Stand down, continuous service and accumulation of leave

When an employee is stood down by their employer, the stand down period still counts as service, and the employee continues to accumulate leave.

What is service?

Service is the total amount of time that an employee has been employed by their employer, but it doesn’t include some unpaid periods. Service is used to determine employee entitlements. It’s counted in different ways for different entitlements.

In some cases, such as some transfers of business, an employee’s service with an old employer can count as service with the new employer. When businesses change owners has more information on transfers of business.

What is continuous service?

Continuous service is an unbroken period of service.

Do periods of stand down count towards an employee’s continuous service?

Yes. Time away from work due to all types of stand down counts as service and won’t break an employee’s period of continuous service.

This means that time stood down is included when calculating an employee’s entitlements under the National Employment Standards, such as notice, redundancy and leave.

See Stand downs for more information about how stand downs operate.

Accumulating leave during stand down

Both annual leave and sick leave continue to accumulate during a stand down


Toto works full time at a brick factory.

The road to the brick factory where Toto works was closed due to flooding. The road was impassable for two weeks, so the brick factory was closed and no-one was able to work.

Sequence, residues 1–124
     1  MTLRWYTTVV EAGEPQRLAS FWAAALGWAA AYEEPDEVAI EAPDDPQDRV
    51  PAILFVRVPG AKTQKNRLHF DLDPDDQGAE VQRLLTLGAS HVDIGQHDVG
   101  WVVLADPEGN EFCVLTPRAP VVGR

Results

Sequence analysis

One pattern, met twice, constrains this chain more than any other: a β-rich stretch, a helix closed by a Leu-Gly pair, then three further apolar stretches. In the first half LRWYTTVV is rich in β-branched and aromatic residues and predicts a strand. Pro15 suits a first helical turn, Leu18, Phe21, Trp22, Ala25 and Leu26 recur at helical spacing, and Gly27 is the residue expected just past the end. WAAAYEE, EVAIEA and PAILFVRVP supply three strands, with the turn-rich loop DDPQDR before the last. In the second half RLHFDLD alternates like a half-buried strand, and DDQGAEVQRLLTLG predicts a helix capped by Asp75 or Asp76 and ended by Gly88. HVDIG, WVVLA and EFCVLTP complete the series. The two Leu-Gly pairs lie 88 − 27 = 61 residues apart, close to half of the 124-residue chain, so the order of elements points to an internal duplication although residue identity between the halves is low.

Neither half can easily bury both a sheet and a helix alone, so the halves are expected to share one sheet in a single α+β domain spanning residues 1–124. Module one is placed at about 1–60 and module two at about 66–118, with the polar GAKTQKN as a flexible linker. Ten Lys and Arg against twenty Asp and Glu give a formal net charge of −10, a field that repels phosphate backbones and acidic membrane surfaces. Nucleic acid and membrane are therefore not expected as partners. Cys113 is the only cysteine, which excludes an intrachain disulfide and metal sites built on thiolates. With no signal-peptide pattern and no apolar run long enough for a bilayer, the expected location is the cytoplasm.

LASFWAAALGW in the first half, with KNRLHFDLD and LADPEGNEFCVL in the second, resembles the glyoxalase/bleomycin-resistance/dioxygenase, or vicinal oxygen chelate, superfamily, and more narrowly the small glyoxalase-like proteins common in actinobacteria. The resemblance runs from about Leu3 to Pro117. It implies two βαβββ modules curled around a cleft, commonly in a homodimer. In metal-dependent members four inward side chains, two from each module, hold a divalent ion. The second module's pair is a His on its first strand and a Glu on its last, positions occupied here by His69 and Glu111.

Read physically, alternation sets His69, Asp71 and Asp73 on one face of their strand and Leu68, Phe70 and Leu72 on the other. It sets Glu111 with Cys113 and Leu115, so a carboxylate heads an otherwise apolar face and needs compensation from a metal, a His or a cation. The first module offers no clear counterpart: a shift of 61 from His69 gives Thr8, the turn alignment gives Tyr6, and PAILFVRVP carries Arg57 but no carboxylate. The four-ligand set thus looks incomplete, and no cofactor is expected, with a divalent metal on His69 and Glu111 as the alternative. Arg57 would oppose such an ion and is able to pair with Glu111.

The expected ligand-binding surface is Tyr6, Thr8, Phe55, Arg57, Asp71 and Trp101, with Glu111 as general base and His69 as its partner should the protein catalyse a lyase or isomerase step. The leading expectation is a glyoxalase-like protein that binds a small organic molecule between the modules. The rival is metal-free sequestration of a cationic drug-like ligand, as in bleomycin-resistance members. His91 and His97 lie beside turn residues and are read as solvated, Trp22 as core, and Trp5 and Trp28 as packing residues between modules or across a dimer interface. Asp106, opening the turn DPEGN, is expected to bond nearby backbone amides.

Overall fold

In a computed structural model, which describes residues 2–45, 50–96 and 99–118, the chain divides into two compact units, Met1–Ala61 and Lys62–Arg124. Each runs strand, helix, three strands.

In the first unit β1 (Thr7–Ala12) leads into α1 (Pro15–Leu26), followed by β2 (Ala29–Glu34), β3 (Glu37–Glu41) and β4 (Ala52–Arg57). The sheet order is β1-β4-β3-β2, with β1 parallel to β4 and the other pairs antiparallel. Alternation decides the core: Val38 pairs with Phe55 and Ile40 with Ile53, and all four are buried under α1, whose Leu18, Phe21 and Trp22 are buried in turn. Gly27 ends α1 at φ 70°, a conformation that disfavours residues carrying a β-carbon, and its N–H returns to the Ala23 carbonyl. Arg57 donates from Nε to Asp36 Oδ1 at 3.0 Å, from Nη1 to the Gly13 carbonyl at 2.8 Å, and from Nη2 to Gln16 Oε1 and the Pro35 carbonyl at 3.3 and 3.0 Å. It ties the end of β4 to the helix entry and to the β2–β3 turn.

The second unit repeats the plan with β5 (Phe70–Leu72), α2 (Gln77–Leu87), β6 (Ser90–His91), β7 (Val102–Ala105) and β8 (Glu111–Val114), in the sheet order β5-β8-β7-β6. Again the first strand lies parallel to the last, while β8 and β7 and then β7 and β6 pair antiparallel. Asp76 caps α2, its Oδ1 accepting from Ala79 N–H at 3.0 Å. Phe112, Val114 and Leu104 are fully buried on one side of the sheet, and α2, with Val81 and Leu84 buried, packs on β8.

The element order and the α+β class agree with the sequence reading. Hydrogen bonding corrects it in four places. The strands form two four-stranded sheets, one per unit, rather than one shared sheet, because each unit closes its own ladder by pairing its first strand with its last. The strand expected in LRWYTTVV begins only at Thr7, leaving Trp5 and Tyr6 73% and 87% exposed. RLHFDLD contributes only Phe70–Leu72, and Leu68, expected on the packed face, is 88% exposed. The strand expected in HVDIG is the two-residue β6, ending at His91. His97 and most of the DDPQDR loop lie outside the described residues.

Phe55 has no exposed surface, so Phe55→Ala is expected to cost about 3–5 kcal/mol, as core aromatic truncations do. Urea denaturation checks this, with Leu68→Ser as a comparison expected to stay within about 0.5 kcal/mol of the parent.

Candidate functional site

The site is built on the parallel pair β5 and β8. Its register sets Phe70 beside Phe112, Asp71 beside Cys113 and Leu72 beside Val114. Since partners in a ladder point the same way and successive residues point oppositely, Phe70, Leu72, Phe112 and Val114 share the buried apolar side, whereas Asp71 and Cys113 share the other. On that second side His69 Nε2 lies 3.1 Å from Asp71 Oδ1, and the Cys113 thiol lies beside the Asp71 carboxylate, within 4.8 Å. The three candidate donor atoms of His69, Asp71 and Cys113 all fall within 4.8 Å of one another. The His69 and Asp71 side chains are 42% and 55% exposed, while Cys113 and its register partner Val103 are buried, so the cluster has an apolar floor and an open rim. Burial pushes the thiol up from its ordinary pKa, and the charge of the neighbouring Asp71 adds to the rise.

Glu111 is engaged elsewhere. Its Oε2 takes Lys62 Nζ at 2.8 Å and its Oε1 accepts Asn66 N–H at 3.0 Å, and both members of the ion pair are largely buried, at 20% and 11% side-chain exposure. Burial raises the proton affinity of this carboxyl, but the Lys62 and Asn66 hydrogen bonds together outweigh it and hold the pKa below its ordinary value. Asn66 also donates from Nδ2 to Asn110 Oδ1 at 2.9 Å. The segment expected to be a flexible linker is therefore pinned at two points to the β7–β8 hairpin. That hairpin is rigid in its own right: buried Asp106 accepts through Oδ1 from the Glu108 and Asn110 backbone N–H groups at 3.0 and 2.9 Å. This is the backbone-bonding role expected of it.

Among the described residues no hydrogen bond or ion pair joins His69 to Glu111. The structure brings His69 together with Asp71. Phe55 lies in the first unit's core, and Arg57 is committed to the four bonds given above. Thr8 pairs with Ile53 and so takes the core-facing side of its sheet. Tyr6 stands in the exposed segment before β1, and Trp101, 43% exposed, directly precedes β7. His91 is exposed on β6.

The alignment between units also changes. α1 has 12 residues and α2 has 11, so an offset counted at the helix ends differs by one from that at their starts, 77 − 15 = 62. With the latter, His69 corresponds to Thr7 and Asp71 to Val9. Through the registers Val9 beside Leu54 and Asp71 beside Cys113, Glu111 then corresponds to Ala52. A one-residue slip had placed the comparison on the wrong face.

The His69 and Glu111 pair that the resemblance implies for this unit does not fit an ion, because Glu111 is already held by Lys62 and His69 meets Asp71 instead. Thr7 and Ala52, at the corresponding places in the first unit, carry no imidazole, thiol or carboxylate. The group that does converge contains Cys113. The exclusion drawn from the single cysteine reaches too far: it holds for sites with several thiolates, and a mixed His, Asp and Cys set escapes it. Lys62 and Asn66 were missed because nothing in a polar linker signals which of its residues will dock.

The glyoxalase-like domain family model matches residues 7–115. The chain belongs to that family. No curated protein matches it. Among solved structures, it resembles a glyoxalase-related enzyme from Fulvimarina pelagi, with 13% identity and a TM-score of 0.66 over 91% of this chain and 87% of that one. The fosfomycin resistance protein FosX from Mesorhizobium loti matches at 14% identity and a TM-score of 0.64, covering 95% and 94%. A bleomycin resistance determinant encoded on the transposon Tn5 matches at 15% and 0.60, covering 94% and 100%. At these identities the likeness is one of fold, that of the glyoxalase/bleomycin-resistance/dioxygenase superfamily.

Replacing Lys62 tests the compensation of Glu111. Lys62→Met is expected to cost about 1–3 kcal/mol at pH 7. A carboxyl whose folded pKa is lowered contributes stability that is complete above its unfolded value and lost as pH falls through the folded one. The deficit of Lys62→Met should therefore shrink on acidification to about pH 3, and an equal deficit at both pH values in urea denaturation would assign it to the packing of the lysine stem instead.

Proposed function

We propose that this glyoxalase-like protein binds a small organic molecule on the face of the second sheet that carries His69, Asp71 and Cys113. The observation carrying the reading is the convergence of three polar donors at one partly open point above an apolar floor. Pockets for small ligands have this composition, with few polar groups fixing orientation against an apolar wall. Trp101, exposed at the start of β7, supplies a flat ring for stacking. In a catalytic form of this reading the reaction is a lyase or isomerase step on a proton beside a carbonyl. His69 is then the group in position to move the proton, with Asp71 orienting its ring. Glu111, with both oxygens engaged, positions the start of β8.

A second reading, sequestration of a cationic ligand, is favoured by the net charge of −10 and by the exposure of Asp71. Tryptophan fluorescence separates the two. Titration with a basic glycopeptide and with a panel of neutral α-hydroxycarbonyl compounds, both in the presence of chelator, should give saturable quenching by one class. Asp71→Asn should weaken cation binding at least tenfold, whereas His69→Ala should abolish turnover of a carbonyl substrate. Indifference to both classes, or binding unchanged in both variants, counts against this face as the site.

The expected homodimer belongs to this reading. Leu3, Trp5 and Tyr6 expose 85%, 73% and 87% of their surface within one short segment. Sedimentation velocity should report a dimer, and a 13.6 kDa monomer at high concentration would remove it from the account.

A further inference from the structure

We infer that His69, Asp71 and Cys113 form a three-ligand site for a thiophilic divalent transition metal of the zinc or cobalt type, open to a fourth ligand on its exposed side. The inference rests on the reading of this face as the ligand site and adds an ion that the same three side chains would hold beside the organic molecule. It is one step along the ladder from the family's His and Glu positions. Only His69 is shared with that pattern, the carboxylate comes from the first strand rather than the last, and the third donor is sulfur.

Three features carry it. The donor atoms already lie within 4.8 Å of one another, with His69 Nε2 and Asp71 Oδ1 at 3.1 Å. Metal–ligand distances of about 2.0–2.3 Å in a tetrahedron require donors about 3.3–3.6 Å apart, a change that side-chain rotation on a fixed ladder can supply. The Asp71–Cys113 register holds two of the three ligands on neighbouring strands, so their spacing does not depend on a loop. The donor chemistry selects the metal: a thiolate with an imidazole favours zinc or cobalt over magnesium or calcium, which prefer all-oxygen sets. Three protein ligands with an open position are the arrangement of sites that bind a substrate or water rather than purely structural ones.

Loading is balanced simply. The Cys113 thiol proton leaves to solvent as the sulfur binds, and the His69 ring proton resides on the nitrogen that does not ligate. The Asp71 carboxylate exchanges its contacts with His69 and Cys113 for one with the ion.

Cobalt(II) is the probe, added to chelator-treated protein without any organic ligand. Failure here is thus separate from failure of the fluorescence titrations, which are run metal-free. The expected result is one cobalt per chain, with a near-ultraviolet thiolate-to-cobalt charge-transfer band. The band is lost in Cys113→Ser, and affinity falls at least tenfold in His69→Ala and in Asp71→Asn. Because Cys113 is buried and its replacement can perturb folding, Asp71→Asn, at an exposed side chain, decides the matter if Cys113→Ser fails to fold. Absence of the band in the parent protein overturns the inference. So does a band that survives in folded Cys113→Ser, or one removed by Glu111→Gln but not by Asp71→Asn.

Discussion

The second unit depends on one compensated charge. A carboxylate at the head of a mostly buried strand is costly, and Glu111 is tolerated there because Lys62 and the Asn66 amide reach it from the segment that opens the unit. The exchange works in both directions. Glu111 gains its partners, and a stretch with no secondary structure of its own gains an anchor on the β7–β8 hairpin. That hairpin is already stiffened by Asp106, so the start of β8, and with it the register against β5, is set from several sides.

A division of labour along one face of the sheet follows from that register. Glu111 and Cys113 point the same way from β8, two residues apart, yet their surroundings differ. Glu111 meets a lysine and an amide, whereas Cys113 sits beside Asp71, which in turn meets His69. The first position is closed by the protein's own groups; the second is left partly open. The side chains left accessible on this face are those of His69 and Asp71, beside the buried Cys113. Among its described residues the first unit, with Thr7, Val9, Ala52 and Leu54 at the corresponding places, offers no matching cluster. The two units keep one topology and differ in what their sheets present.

Toto was stood down under a general stand down and was not paid by his employer until the road was open again because there was no useful work for him to do.

Toto still accumulated his full four weeks of annual leave that year.

Stand down under the former JobKeeper scheme

The JobKeeper scheme allowed for the following stand down directions to be given by employers in response to the pandemic:

  • a JobKeeper enabling stand down direction by a qualifying employer under section 789GDC [repealed] of the Fair Work Act
  • a JobKeeper enabling stand down direction by a legacy employer under section 789GJA [repealed] of the Fair Work Act.

The JobKeeper scheme ended on 28 March 2021. JobKeeper stand downs no longer apply.

However, service during the period when the JobKeeper scheme was in place can impact an employee’s current entitlements.

More information

Stand down is different to unpaid leave, even though they can both be unpaid. It is also different to shutdown periods. For information about the difference, see our Library article Difference between stand down, unpaid leave & shutdown.

For information about unpaid leave and continuous service, see our Library article Unpaid leave & continuous service.

We also have more information on the former JobKeeper scheme in our Library: 

JobKeeper enabling stand down directions has information for qualifying employers on JobKeeper enabling stand down directions that may have reduced employees’ hours or days of work (including to zero).

Pay and the former JobKeeper scheme has information for qualifying employers about how an eligible employee was paid under the JobKeeper scheme.

JobKeeper enabling directions and agreements for legacy employers has information on JobKeeper enabling stand down directions that may have reduced employees’ hours or days of work.

Former JobKeeper scheme overview has information about the end of the JobKeeper scheme.

View references

Fair Work Act 2009

  • section 22 deals with continuous service
  • section 524 allows employees to be stood down without pay in certain circumstances
  • section 789GDC [repealed] allowed qualifying employers to give certain directions to eligible employees
  • section 789GJA [repealed] allowed legacy employers to give certain directions to employees that they previously received JobKeeper payments for

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